Alabama dropped two spots from last year to the overall ranking of 44th in the nation for child well-being, according to the 2019 Kids Count Data Book. Escambia County Children’s Policy Council Executive Director Karean Reynolds said that Alabama is so low in the nation for child well-being because of its issue with poverty.
“All of our problems come from people not having adequate jobs,” Reynolds said. “Escambia County does not have a good job market. Majority of our jobs are at the Wind Creek Atmore Casino and the Escambia County School System.”
During the Escambia County Children’s Policy Council meeting on Thursday, Reynolds said 33 percent of youth in Alabama are living in poverty. 50 percent are black youth and 22 percent are white youth. However, nationally 18 percent of youth live in poverty.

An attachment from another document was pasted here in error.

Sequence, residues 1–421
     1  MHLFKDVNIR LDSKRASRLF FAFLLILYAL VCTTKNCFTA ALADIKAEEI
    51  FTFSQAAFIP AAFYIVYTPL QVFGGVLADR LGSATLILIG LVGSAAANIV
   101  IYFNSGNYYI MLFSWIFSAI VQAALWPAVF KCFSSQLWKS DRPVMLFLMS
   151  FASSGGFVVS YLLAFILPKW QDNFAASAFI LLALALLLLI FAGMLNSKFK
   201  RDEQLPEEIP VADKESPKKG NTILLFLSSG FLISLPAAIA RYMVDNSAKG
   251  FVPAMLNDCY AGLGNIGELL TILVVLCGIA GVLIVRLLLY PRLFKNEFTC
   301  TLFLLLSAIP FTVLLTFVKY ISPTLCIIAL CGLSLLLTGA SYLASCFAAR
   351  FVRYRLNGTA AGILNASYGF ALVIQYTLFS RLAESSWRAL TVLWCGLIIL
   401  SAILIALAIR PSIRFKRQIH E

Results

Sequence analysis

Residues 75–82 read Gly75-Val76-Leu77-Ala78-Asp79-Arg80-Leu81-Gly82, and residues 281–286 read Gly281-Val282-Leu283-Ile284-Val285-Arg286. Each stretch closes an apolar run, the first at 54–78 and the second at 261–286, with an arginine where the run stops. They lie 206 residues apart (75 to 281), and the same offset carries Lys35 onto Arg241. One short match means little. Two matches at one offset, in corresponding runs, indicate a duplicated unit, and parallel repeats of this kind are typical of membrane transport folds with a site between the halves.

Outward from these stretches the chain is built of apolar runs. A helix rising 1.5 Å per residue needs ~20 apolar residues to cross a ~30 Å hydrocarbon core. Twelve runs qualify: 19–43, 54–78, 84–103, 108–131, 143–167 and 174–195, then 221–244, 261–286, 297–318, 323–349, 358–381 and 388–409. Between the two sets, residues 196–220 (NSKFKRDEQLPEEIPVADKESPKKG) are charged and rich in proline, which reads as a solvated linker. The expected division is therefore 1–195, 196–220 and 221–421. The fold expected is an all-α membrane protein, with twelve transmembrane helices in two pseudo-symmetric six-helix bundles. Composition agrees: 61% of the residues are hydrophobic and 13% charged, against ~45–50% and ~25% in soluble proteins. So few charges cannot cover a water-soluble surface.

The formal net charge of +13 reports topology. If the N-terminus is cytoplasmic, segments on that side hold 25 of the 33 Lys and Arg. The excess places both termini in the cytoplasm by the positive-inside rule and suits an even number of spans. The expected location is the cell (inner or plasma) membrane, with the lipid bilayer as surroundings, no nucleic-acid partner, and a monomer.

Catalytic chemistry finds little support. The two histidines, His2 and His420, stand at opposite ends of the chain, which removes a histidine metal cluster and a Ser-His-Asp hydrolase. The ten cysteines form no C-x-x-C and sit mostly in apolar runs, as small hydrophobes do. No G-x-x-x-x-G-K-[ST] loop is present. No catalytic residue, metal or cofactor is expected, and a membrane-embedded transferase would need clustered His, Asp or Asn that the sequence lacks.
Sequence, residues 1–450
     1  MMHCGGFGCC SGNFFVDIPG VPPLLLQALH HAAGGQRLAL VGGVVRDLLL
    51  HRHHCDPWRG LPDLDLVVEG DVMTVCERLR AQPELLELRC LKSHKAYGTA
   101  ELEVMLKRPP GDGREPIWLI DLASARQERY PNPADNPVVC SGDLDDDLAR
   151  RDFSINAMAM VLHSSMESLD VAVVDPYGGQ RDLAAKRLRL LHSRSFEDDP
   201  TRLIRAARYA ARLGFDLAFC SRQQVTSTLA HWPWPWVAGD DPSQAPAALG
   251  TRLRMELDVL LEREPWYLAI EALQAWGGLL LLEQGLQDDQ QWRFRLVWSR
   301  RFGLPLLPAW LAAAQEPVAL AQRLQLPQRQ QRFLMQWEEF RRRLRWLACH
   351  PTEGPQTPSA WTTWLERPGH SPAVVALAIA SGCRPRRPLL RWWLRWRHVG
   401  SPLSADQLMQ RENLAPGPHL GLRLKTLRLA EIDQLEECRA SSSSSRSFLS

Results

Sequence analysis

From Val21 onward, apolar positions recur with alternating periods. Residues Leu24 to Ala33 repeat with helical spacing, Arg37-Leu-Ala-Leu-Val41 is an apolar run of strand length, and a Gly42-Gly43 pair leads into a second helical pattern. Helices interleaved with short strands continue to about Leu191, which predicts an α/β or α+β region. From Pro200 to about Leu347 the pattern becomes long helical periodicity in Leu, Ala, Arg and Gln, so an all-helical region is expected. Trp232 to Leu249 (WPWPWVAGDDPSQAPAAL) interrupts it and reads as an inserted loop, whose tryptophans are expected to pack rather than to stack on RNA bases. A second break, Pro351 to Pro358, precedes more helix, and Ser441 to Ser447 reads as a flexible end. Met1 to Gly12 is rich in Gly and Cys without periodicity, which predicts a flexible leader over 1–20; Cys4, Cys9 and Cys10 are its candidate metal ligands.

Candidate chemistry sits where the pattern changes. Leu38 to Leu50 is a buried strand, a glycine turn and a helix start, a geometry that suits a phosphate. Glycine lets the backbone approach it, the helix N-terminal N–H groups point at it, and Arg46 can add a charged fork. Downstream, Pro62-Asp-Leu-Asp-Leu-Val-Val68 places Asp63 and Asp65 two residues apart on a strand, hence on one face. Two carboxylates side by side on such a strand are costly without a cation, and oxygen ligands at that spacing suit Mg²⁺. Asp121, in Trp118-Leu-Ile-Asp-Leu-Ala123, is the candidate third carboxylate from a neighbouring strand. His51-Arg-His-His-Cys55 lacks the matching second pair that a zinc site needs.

Reynolds said one of the county’s top needs are to enhance school success, manage substance abuse and juvenile crime safety. Alabama ranked 38th in education. The state had some slight improvements in the reading proficiency of fourth graders and the math proficiency of eighth graders, but the state’s percentage of children ages three and four not in school continues to grow.